Jenna Hilb, marketing coordinator at Poor Richard's, confirms that Weinstein will indeed hold a book-signing at the store from 5 to 7 p.m., March 3.
——- 9:21 A.M., THURSDAY, FEB. 16 ——-
According to an employee of Poor Richard's Bookstore, Weinstein's March 3 book-signing is not yet confirmed. We'll update when anything changes.
——- ORIGINAL POST, 3:30 P.M., MONDAY, FEB. 13 ——-
To say Mikey Weinstein has made a name for himself would be an understatement. Now the Washington Post will be giving its readers a steady dose of Weinstein's message through a twice-monthly column called "Faith at the Front."
Since forming the Military Religious Freedom Foundation in 2004, the 1977 Air Force Academy grad has become the watchdog for unconstitutional imposition of religion on military members. His organization represents tens of thousands of soldiers, airmen and sailors, including more than 300 cadets, faculty and staff at the Air Force Academy.
Here's a few of the issues he's brought to light.
New York Daily News, January 2010:
A Michigan weapons company is under fire for branding thousands of rifle scopes used by U.S. soldiers and Marines in Iraq and Afghanistan with passages from the Bible.
U.S. military rules prohibit any service member from proselytizing while serving in Iraq or Afghanistan, which are primarily Muslim nations.
Trijicon, a sighting manufacturer based in Wixom, Mich., has several multimillion-dollar contracts with the Pentagon to make sights.
Along with the sight's stock number, there are coded Bible passages from the New Testament engraved on the sights. One reads JN8:12, an apparent reference to John 8:12, which says, "Whoever follows me will never walk in darkness, but will have the light of life."
TruthOut.org, July 2011:
The United States Air Force has been training young missile officers about the morals and ethics of launching nuclear weapons by citing passages from the New Testament and commentary from a former member of the Nazi Party, according to documents obtained exclusively by Truthout.
The mandatory Nuclear Ethics and Nuclear Warfare session, which includes a discussion on St. Augustine's "Christian Just War Theory," is led by Air Force chaplains and takes place during a missile officer's first week in training at Vandenberg Air Force Base in California.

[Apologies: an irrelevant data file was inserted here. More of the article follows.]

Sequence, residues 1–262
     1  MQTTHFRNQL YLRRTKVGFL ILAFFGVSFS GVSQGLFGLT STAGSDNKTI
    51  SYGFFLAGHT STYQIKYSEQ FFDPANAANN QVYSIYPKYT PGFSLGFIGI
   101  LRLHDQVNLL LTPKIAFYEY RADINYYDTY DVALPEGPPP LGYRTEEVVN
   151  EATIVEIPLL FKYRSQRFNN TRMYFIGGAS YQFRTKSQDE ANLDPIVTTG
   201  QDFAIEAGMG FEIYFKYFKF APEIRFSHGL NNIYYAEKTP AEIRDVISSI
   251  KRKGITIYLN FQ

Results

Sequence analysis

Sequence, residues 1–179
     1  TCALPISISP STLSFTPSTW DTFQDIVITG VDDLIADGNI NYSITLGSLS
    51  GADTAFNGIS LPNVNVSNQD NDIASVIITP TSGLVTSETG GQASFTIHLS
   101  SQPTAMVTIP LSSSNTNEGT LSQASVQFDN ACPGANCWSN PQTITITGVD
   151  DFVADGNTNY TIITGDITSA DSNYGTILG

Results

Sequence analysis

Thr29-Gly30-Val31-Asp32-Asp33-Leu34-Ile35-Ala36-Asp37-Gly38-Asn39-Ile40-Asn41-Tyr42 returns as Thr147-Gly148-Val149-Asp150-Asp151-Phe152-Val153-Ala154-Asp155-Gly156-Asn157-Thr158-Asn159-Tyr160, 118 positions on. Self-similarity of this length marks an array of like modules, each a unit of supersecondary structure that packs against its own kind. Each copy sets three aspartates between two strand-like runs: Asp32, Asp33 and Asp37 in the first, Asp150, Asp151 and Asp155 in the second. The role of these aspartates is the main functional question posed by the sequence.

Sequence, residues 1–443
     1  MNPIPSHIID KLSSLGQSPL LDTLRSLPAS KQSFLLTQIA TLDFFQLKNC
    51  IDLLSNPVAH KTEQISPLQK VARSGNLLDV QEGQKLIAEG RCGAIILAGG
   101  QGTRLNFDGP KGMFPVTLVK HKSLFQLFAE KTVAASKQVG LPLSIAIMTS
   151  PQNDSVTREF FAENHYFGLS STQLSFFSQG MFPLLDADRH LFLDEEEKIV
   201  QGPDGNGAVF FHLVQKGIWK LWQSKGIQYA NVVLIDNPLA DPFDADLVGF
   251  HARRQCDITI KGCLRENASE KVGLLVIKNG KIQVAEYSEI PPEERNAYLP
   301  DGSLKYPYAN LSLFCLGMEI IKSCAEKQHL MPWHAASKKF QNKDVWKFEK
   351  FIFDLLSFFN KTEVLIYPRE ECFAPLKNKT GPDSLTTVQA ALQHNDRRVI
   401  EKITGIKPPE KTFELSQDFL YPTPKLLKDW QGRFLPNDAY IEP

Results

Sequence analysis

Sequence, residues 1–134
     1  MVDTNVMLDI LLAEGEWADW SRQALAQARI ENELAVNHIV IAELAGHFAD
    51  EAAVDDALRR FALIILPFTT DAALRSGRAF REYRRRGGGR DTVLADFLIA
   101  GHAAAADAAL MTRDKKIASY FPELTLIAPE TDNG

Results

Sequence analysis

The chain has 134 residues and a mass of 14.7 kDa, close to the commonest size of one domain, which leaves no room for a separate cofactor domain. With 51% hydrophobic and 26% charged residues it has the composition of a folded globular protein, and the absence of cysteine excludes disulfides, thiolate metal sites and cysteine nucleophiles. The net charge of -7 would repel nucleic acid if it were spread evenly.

The Gazette, November 2011:
The Air Force Academy backed down Thursday after it came under fire for alleged religious intolerance, this time with a program designed to spread Christmas cheer.
Academy critic Mikey Weinstein accused commanders of crossing the line by promoting “Operation Christmas Child” a program sponsored by an evangelical Christian group that sends toys and toiletries in shoe boxes to needy kids around the globe. The group includes a Christian message with the gifts.
Most recently, Weinstein's group exposed a Marine unit's display of a Nazi SS flag below a United States flag.
Although the Marines initially claimed they didn't know where the flag came from or even what it stood for, Weinstein said his supporters have run down the source. It came from a Third Reich website, he says.
Anyway, you get the picture. Weinstein and his organization are credible. So it's peculiar why the Gazette would report on Saturday that everything seems to be going well at the academy on the religion front. Reporter Jakob Rodgers, a cops reporter recently assigned to cover the military, reported that the academy's Board of Visitors was told the academy would be providing training to faculty on religious sensitivity. He also quoted the board chair:
“It is incredible how far we’ve come since 2004,” said Susan Schwab, chairwoman of the board and a professor of public policy at the University of Maryland. “It’s very impressive.”
What's missing from the story is a comment from Weinstein, who instigated examination of allegations that the academy favors fundamental Christianity eight years ago. Former Superintendent Lt. Gen. John Rosa admitted in 2004 the academy had a serious problem with religious sensitivity.
Turns out, Rodgers interviewed Weinstein on Friday but decided not to include him in his story. We asked Rodgers and weekend editor Tom Roeder why he left Weinstein out of his report, and Roeder declined to comment.
In case anyone thinks everything at the academy is peachy, just a week or so ago, the academy dealt with a cadet who sent a religious message to her entire class. The Indy reported that here. The academy treated the incident as a "teaching moment," giving the freshman the benefit of the doubt.
In case you're wondering, here's what Weinstein says he told Rodgers:
"I told him that first of all, I didn't want to hear anything related to the faculty reception to religious tolerance when the head of the faculty has lied about her calling for a counter insurgency to my organization," he tells us, referring to Dean of Faculty Brig. Gen. Dana Born.
"I also said, 'Let's make sure we say B-O-R-E-D of visitors, because they're asleep at the switch. That place is a disaster. Until Dana Born gets fired and gets punished for what she's done and her superiors, there's nothing to talk about in rearranging the deck chairs on the Titanic.' I thought that was fairly relevant, but I didn't get any comments in the story."
As for Weinstein's column in the Post, that gig starts later this month.
Weinstein will attend a book-signing for his newest release, No Snowflake in an Avalanche, recently published by Vireo of Rare Bird Books, at
7 p.m. 5 p.m., Saturday, March 3, at Poor Richard's Bookstore.
The book is his second; With God on our Side was published Oct. 1, 2006, by St. Martin's Press.
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